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Dilangalen, Golez in heated exchange over compact flash cards

June 2, 2010 3:18pm
A heated exchange took place between two members of a body canvassing votes in the May 10 polls one disagreed with the other’s claim that the authenticity of some compact flash cards used by voting machines was "compromised."

During proceedings of the 18-member National Board of Canvassers (NBOC) on Wednesday, Maguindanao Representative Didagen Dilangen said that some of the compact flash cards were "compromised" after these were reconfigured by Commission on Election (Comelec) employees.

The reconfiguration — which was ordered by Comelec executive director Jose Tolentino — "involved fraud," the lawmaker said. "We could proceed with canvassing but this (order) affects the accuracy of the CF cards."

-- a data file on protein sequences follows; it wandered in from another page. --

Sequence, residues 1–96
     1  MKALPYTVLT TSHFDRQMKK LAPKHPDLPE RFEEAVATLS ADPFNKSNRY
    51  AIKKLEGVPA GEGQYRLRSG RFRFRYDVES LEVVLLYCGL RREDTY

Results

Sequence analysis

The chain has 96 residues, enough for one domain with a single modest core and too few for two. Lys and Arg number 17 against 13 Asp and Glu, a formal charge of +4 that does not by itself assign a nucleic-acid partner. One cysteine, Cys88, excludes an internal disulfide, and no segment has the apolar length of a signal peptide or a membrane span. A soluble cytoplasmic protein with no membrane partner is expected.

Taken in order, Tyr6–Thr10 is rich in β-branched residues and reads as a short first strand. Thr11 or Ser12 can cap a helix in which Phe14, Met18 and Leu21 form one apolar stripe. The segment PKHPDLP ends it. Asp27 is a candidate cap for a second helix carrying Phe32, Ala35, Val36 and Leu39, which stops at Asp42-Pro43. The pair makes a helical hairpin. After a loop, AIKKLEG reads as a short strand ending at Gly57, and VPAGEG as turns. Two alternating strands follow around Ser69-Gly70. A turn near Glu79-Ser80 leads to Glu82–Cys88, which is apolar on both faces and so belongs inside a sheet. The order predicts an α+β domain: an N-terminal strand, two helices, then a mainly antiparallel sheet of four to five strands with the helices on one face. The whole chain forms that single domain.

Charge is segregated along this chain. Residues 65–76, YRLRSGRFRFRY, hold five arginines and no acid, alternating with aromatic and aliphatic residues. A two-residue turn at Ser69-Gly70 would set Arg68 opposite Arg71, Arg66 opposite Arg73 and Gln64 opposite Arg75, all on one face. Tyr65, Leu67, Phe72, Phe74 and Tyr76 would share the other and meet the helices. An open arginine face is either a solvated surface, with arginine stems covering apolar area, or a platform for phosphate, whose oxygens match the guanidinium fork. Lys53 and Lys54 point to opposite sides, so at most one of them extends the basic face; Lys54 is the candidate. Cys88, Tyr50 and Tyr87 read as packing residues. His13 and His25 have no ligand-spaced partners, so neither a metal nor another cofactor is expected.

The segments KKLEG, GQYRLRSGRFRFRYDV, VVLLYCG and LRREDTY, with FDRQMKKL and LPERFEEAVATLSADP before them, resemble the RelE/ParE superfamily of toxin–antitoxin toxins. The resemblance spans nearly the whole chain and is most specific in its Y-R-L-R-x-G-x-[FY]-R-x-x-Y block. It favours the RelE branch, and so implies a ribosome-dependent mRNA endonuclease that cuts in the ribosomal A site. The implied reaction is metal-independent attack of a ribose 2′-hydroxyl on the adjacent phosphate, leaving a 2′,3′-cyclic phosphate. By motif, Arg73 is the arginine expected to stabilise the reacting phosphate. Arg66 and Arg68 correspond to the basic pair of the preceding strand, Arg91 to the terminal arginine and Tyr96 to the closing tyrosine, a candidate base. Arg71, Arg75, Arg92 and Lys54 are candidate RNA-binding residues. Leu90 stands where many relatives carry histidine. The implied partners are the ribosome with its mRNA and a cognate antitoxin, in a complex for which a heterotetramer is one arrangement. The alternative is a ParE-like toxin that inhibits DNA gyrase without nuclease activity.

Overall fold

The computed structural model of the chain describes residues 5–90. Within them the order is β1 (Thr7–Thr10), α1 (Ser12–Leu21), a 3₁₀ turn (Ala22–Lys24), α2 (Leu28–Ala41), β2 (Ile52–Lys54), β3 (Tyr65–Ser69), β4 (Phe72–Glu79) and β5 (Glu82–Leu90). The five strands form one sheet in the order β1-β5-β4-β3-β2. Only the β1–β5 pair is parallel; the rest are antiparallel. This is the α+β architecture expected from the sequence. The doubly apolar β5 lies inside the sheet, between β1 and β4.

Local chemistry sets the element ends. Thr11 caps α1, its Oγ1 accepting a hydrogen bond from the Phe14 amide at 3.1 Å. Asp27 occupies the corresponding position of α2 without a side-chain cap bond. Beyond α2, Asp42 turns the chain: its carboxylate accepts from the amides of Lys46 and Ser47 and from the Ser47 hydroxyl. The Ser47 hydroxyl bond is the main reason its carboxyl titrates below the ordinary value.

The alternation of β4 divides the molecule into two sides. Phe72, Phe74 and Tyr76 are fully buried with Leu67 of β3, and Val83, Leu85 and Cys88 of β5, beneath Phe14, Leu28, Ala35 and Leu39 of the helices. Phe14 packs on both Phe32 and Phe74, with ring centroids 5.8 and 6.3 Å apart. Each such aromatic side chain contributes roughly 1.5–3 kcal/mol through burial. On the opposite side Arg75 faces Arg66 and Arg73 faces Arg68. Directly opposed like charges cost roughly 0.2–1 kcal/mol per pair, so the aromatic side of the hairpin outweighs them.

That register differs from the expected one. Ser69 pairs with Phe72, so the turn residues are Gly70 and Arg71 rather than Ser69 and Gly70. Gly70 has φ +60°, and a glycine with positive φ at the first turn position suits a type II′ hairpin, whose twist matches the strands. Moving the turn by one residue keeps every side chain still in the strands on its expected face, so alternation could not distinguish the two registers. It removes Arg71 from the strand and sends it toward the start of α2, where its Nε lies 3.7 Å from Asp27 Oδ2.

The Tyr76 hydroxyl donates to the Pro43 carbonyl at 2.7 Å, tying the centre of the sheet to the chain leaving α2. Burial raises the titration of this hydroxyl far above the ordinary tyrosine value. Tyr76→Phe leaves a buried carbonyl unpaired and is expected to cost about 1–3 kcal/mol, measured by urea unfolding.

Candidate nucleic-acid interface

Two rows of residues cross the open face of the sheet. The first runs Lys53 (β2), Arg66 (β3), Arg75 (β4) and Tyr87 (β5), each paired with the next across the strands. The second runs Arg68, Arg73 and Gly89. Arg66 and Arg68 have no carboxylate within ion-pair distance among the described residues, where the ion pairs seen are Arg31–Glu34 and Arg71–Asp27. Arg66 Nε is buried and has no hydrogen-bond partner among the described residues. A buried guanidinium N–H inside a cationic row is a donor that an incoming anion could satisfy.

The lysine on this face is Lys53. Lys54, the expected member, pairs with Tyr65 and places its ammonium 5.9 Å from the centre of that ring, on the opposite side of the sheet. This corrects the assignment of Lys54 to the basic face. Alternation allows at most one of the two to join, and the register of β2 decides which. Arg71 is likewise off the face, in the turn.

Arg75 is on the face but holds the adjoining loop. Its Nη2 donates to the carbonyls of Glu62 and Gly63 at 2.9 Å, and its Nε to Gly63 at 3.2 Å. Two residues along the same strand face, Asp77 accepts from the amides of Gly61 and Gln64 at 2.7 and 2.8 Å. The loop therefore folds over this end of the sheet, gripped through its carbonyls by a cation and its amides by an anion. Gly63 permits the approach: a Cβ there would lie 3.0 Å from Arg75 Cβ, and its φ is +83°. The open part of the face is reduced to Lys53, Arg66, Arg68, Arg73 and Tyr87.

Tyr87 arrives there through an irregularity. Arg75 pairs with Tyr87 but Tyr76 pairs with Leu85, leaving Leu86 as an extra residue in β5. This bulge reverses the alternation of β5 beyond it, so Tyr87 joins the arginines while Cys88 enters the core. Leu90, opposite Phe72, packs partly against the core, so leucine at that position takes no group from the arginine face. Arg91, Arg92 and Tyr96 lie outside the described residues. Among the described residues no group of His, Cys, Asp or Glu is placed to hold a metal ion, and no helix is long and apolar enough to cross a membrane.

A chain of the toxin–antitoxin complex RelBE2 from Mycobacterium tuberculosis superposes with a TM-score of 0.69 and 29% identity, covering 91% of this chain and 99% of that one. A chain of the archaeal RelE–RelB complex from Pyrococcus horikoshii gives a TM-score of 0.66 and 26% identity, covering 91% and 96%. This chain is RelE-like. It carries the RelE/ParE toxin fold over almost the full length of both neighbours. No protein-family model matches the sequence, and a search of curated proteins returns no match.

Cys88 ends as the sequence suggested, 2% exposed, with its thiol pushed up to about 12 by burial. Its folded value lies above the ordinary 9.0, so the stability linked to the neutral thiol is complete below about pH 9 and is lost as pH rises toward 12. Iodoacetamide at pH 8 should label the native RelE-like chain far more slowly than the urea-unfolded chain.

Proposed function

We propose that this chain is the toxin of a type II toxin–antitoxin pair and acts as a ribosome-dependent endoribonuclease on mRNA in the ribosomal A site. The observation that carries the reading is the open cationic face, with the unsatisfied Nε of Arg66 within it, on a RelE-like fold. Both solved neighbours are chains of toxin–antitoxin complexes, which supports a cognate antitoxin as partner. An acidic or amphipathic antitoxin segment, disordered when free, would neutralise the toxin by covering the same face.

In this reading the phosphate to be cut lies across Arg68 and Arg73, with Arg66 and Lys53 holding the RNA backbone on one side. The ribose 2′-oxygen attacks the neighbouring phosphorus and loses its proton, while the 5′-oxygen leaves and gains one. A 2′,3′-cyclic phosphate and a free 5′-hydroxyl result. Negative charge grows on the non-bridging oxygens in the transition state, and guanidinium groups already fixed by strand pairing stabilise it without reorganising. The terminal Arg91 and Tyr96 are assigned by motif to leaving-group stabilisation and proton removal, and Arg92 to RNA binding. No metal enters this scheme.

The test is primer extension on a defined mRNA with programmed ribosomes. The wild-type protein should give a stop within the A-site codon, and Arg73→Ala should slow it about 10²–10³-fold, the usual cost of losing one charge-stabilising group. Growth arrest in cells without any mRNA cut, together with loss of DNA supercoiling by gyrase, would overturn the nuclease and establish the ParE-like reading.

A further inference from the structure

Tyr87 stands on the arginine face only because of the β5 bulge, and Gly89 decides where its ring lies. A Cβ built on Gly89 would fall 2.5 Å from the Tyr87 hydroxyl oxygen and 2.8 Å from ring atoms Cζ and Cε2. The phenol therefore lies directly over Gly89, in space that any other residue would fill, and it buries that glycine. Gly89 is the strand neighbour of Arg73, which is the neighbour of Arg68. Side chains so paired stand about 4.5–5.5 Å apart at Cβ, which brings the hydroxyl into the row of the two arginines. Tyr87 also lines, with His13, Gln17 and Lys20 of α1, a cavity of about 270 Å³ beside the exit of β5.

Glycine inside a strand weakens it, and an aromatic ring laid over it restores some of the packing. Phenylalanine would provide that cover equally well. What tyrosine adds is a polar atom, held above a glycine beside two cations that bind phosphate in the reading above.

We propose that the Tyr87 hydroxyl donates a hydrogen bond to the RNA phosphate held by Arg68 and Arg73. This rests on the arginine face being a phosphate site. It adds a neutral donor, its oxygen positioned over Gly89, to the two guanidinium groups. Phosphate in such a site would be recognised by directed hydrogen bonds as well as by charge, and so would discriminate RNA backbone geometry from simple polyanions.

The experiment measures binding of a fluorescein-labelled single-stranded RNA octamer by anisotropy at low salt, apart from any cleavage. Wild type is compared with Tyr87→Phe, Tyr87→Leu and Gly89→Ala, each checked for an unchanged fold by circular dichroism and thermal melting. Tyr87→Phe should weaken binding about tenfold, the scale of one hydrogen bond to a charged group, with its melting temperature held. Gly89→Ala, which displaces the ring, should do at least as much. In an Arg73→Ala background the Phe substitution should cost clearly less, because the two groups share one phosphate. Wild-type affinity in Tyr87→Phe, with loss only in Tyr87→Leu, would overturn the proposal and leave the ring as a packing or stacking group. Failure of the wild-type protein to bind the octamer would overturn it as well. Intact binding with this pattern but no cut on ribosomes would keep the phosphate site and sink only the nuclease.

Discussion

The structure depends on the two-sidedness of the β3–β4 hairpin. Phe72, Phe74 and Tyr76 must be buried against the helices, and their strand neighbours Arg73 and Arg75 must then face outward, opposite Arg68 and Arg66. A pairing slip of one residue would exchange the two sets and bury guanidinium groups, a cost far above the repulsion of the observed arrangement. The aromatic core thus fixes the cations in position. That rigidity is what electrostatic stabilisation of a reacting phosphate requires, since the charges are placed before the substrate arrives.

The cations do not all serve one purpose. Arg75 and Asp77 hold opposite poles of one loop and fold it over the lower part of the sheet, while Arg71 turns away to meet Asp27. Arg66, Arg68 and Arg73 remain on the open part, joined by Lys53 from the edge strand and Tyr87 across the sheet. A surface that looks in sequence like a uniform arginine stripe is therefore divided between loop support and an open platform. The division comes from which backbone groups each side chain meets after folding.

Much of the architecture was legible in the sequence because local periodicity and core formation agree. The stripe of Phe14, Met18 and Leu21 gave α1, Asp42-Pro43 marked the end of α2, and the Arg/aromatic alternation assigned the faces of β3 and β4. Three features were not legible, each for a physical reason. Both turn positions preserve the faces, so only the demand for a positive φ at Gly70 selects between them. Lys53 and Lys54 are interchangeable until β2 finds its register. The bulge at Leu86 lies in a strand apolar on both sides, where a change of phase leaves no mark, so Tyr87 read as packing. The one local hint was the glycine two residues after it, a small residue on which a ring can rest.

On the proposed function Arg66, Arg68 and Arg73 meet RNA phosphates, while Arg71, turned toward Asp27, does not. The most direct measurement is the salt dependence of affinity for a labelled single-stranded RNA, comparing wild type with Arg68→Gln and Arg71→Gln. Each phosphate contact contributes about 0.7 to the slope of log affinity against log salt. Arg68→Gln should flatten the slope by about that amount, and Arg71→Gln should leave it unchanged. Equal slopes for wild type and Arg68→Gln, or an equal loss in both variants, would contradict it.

However, Representative Roilo Golez disagreed.

The order issued by Tolentino indicated that the reconfiguration was undertaken by the personnel of the Department of Science and Technology (DOST), not employees of the poll body, Golez said.

“We don’t want inaccurate input from our colleague in Maguindanao. The memorandum stated that the reconfiguration will be done by the DOST and not by the election officer, the information was inaccurate. He was absent in the committee hearing, I was there," Golez said, referring to the House committee on suffrage hearing earlier in the day where the issue was tackled.

Miffed by Golez’s remarks, Dilangalen hurled invectives at his adversary, prompting House Speaker Prospero Nograles and Senate President Juan Ponce Enrile to suspended the proceedings immediately.

But the two continued the altercation.

And this time around, Reps. Abraham Mitra and Joel Villanueva tried to pacify the two, who shook hands minutes later.

During field tests held before the elections, some automated voting machines failed to proceed because the compact flash cards they used were found to be defective.

The Comelec immediately had these cards reconfigured immediately, prompting some candidates such as presidential bet Jamby Madrigal to say that the reconfiguration may have 'preprogrammed' the cards to read more votes for other candidates. - RJAB Jr., GMANews.TV
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